It always happens, at the end of a family get together, a play date, or a class, when the time comes to leave we ask our children to say goodbye to people. It’s respectful to kindly thank someone for their hospitality, time, or friendship, and either share a hug, high five, or at the very least, a smile. But for my child, it is a stressful situation that makes him really uncomfortable. So I’ve stopped forcing him to say goodbye to people and now I want to stop apologizing for it.

photo by Annie Wiegers Photography
photo by Annie Wiegers Photography

My oldest, Crumb, is the sweetest little guy. Seriously, I could go on and on, so indulge me for a minute. Crumb is 4.5 years old and a friend to everyone. That’s literally what one of his preschool teachers said to Mr. Cookie and myself; Crumb knows what activities and toys he likes to play with, but everyone is always welcome to join him. When I see Crumb playing with his little brother or one of his cousins, I often see him letting them start the game, play with the toy first, or get the color they desire. Crumb is intelligent, empathetic, curious, and has a relatively easy time with school and transitions. But Crumb is also very shy and sensitive. He doesn’t like being the center of attention, ever. For example, we couldn’t sing happy birthday to him for a few years, and he always gets very nervous when it comes to preschool performances or parades (and sometimes refuses to participate), and relating back to the point of this post, Crumb is terrible at saying goodbye to people.

I know I don’t have to defend my child, or make a huge disclaimer, but I’ve had enough uncomfortable situations to know that sometimes people expect them of me. We can be having a wonderful time but at the mention of goodbye or us leaving, my son is suddenly looking at the ground or hiding behind me. Gentle coaxing doesn’t help, and instead forces him to say, “I don’t want to do that.” I know most parents get it, and often agree with me that I shouldn’t force my son to do something that causes him anxiety, but when his little friends or cousins ask for a hug, I know that they don’t understand why Crumb is refusing. Naturally the other parent feels bad for their confused child who is being ignored, and then I feel bad for everyone involved so I start making excuses and apologizing and it becomes a frustrating moment.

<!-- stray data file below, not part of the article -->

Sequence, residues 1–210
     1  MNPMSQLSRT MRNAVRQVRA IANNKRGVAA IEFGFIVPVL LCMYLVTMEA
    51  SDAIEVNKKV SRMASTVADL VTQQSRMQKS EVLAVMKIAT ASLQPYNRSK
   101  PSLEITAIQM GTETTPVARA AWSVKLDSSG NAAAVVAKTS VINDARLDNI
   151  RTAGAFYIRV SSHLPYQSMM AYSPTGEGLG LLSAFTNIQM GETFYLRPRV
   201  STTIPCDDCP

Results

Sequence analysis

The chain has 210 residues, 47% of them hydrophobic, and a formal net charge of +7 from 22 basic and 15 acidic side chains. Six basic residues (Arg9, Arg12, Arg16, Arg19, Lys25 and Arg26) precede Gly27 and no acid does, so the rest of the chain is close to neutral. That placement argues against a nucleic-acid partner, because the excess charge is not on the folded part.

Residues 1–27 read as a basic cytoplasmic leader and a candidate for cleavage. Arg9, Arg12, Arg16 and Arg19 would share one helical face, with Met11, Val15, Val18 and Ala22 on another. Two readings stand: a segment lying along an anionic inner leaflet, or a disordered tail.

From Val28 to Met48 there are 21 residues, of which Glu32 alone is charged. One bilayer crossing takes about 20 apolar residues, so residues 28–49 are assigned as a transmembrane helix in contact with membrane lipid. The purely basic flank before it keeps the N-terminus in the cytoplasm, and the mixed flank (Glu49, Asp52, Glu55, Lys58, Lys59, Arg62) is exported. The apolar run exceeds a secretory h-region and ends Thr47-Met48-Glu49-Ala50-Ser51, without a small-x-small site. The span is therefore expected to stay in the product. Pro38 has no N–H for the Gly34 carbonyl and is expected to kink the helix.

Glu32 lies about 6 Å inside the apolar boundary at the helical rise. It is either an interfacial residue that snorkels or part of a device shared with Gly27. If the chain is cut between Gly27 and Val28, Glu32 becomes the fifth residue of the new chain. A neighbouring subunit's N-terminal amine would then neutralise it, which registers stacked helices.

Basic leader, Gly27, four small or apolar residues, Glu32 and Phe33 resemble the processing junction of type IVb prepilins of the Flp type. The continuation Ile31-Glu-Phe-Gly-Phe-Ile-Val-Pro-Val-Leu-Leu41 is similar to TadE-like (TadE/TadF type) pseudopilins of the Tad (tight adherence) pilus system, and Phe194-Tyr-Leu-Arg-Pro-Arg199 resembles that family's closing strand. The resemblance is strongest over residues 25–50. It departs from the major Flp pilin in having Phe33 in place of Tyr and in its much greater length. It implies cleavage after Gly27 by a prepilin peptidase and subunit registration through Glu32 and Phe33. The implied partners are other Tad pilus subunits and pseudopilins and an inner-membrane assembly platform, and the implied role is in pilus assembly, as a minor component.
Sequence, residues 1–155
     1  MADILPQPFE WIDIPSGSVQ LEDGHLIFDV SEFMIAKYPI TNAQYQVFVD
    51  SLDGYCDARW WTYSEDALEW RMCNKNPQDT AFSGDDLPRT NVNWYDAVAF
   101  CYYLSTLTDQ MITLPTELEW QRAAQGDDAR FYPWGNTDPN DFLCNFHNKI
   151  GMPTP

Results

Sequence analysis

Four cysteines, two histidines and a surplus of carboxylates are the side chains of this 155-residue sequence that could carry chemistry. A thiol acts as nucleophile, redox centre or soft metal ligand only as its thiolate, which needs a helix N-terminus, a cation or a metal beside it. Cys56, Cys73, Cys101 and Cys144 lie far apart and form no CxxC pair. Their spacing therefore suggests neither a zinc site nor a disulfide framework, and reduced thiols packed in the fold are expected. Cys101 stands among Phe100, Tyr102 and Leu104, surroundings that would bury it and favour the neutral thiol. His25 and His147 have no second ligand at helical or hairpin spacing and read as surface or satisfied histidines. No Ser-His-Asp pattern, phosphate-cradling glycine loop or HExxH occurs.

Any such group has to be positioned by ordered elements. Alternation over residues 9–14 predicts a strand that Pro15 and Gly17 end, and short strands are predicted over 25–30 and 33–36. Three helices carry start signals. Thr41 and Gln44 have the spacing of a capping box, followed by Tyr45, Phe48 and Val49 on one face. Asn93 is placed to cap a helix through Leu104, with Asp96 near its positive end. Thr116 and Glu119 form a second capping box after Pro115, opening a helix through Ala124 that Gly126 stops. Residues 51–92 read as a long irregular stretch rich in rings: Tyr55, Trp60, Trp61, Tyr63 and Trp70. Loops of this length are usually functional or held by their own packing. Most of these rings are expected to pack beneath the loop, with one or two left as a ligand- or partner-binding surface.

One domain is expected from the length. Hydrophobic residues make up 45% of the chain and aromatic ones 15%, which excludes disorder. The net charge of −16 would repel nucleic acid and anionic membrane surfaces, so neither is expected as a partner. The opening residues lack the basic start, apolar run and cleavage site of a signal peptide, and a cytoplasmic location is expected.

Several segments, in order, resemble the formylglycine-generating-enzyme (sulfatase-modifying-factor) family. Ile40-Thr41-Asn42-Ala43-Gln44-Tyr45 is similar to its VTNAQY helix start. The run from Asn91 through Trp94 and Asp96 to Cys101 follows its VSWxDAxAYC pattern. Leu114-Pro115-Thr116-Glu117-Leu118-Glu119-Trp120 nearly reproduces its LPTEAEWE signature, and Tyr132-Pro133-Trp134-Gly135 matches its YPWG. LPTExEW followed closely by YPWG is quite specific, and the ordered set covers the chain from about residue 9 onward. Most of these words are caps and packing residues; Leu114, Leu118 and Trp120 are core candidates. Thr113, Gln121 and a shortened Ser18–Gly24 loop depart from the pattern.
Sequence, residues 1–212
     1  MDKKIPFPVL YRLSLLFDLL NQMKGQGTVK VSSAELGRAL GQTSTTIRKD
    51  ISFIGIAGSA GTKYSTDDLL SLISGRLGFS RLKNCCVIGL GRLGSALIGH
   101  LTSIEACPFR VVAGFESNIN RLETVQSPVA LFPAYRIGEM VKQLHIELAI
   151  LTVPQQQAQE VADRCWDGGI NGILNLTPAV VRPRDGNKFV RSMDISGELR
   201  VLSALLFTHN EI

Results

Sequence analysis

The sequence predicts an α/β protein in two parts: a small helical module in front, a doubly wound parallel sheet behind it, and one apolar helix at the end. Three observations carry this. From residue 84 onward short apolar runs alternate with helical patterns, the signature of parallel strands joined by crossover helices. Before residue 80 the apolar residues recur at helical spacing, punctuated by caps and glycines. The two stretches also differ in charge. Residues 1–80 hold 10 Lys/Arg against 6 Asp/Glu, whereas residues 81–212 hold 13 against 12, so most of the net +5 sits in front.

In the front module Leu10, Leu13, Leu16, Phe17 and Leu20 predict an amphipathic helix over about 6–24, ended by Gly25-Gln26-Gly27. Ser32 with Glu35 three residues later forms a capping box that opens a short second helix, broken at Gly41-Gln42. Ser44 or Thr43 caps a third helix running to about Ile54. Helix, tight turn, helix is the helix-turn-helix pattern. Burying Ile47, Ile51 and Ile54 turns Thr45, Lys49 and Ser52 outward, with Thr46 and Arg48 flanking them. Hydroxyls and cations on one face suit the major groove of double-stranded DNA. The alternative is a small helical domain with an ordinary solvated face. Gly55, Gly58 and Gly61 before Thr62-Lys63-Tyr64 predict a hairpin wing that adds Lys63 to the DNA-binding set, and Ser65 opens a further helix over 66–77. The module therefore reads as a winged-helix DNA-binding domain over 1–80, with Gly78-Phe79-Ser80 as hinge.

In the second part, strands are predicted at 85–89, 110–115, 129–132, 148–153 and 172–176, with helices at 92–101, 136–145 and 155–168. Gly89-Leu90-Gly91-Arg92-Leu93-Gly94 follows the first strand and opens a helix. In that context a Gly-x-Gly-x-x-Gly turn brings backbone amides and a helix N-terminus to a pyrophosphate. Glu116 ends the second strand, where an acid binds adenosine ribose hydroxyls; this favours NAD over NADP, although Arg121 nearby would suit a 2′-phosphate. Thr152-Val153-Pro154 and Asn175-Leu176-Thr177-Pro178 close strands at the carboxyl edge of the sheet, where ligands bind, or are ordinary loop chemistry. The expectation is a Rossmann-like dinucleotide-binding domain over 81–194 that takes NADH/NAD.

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Parenting is chock full of frustrations and we always want to be the best advocate we can for our child. But the truth is, I don’t fully understand his fear of saying goodbye. I was raised thinking it was rude if you didn’t hug your family and friends before parting ways, but I am much more outgoing and extroverted than my son. And that’s OK. Not every child is going to be outgoing. Not everyone is an extrovert. There are some kiddos that love to be affectionate, chatty, and outwardly excited with their friends, but not every kid is like that, and mine is definitely not. We tend to want to encourage everyone to be more social, but my child is plenty social and like my husband, I believe he is an introvert. Since Crumb recharges at home, he is great at independent and imaginative play. Just this year Crumb has specifically asked us to not put him in any activities. He was given the option of music, gymnastics, soccer, and swimming and he point-blank told us that he just wants to go to preschool and that’s it. I struggle with this because I want him to experience more of life, learn new things, and meet new friends. Fortunately, there is plenty of time for a packed schedule later on, so we are listening to our 4-year-old and showing him that we respect his opinions.

photo by Annie Wiegers Photography
photo by Annie Wiegers Photography

Thankfully society as a whole seems to be going away from forcing children to do things like have conversations with everyone they meet, give hugs to adults they don’t know, and say goodbye when they have no desire to do so. I know that the more comfortable my son is with someone or with the situation, the more likely he is to reciprocate that fist bump or high five. But I’ve seen him completely retreat from his own grandma in his own house due to his current mood, and he loves her to pieces so I wish I could just explain to everyone that his response has nothing to do with them.

My younger son has a completely different personality and loves giving his friends hugs goodbye. I’ve stopped putting Crumb on the spot, and usually little brother Chip does the goodbye for both of them. It appears that my younger son is a lot like me and my older son is a lot like my husband. Mr. Cookie is one of the best human beings I know, but he definitely dislikes anything that resembles being put on the spot or being the center of attention. Thankfully though, he has no trouble saying goodbye to people and I’m confident Crumb will only continue to improve with time and age. Until then, the next time I’m in a sticky situation with my son, I’m going to tell him it’s OK if he doesn’t want to say goodbye and I’m not going to apologize for it.

photo by Annie Wiegers Photography
photo by Annie Wiegers Photography

How does your child handle goodbyes? Any other extroverts parenting an introvert or vice versa?